Paul Salopek

A group of 16- to 19-year-old students in Banbasa, India, will participate in National Geographic Photo Camp, March 22-27, 2018. National Geographic Photo Camp is a program that teaches young people from underserved communities, including at-risk and refugee teens, how to use photography to tell their own stories, explore the world around them and develop deep connections with others. In……

Uncategorized

, , , , ,

Rivers in the glacial valleys of the Karakoram, the towering mountains of northern Pakistan, swirl ice cold and the color of slate. Along the banks of some of these remote waterways, patchwork tents huddle like flotsam. Inside the tents live nomad families who wander from current to current, panning the dark sands for glints of…

Human Journey

, , ,

As I looked about me I felt that the grass was the country, as the water is the sea . . . And there was so much motion in it; the whole country seemed, somehow, to be running.― Willa Cather, My Antonia The Karakoram range that cleaves northern Afghanistan from Pakistan is a cold desert….

Human Journey

Almost 130 years ago the representatives of two unequal empires faced off inside a royal tent in the remote Gilgit-Balistan region of Pakistan. Sir Francis Younghusband, a British colonial officer and master spy, arrived in full regimental uniform—shining with brass and braid—hoping to overawe the court of the fiercely independent kingdom of Hunza. Safdar Ali,…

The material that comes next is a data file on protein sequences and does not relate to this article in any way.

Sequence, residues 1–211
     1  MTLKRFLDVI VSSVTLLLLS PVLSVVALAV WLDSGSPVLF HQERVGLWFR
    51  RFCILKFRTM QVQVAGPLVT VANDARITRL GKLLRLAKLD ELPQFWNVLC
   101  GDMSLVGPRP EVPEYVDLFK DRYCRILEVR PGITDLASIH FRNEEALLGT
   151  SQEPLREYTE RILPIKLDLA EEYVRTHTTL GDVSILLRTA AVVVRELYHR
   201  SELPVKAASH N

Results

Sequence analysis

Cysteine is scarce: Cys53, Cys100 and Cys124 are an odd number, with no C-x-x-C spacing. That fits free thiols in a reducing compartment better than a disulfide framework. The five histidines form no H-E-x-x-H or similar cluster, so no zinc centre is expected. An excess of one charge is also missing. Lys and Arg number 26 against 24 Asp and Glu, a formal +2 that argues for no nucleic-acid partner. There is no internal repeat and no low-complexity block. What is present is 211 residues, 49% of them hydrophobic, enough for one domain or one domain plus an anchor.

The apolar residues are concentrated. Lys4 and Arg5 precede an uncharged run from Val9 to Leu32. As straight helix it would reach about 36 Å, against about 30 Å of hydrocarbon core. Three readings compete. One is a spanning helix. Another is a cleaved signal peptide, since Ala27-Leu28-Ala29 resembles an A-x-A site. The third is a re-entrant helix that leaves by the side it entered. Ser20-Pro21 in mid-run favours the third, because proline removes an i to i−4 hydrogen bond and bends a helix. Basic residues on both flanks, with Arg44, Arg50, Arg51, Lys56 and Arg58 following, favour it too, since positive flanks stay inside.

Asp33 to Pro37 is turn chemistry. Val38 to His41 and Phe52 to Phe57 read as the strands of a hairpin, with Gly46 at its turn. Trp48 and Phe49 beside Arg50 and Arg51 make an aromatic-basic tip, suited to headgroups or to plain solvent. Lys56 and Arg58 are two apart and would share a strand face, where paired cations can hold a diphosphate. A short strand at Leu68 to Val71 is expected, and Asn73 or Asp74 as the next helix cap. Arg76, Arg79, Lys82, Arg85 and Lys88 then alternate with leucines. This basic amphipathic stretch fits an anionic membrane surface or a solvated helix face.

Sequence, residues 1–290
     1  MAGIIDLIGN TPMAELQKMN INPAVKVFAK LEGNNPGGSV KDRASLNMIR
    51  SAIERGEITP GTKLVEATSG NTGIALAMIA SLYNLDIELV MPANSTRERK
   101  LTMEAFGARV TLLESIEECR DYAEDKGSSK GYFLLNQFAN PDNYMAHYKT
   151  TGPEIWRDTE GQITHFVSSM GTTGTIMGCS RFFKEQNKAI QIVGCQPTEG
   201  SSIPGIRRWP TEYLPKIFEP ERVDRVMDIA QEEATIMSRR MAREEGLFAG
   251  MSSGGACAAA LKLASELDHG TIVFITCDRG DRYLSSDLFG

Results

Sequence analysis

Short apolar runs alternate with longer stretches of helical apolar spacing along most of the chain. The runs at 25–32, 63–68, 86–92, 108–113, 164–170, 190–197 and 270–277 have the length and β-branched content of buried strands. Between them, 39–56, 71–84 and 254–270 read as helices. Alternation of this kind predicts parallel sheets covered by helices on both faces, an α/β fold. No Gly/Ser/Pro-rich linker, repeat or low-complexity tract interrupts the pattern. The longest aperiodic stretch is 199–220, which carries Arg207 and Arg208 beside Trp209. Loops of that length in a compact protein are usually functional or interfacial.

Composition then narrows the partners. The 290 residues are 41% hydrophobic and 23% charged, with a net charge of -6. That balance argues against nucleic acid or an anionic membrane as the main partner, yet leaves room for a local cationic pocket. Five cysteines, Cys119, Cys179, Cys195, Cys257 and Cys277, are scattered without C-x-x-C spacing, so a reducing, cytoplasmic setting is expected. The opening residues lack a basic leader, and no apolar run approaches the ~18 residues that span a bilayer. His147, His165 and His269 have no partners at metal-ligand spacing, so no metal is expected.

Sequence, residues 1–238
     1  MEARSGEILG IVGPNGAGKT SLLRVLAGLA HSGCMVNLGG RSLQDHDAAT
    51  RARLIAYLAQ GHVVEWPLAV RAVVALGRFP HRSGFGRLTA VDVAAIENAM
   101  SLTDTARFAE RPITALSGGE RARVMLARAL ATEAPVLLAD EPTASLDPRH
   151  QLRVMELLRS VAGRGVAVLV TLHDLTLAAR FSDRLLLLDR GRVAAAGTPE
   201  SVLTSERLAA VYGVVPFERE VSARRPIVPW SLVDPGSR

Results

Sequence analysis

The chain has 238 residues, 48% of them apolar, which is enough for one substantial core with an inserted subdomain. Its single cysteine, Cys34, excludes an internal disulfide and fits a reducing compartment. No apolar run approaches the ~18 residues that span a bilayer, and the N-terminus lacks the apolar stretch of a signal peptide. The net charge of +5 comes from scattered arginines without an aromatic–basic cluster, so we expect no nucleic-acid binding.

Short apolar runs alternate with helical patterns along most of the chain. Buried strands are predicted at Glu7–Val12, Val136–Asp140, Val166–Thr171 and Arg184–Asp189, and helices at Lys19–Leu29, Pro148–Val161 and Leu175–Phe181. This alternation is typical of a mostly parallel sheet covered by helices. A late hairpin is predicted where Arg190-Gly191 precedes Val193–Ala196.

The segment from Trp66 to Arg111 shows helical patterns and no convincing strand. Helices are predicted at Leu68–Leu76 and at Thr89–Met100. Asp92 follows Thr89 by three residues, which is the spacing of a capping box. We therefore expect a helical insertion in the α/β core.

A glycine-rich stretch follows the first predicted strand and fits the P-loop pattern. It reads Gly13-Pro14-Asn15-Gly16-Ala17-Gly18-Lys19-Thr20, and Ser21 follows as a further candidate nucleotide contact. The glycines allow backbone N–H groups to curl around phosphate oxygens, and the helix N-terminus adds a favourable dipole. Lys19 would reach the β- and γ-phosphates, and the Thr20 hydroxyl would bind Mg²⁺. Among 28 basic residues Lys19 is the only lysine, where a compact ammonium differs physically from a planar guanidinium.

Human Journey

Not only is it rare . . . but it is wary and elusive to a magical degree, and so well camouflaged in the places it chooses to lie that one can stare straight at it from yards away and fail to see it. — Peter Matthiessen, The Snow Leopard We are walking the length…

Human Journey

The hut is tiny and windowless and constructed of round river stones, and it stands alone in a high wild valley in Afghanistan. From 20 paces away you can hear it hum: Its walls emit a strange, wavering sound like an extended sigh—a soft, dry, droning song that rarely ceases. Occasionally a man and a…

Human Journey

The bridge over the lime green Panj River at Ishkashem, Afghanistan, is one of our young century’s great invisible hinges. It is a simple bridge. Made of crudely poured concrete. Dusty. Little used. (Indeed, a rusty gate locks access to all traffic from 4 p.m. to late morning.) Yet history—worlds—collide here. On one side of…

Human Journey

Walking through the world, one navigates endless frontiers: real and imagined, old and new, visible and invisible, passable and impassable. In the remote Pamirs of Tajikistan, we skirt the salt surf of Karakul Lake, cupped in a giant meteorite crater, at 13,000 feet one of the highest bodies of water in the world. We walk…

Human Journey

“See them?” It is Mahan Atabaev: skinny, wind-burned, a pastoralist in a baseball cap. He stands in a chilly alpine dawn, urging me look through a spotting scope. The scope is trained on a valley high in the Pamir range of Tajikistan. I crouch to peek, and what I see is this: animals that appear…

Human Journey

The relaunch of the Out of Eden Walk in Central Asia has not been without hiccups. First, barely two days before departing, while chewing into breakfast in Bishkek, Kyrgyzstan, I cracked a molar in half. (“I’ll try to get you to India,” the dental surgeon said, doubtfully.) Then mountain guide Sergei Gnezdilov fell ill with…

Human Journey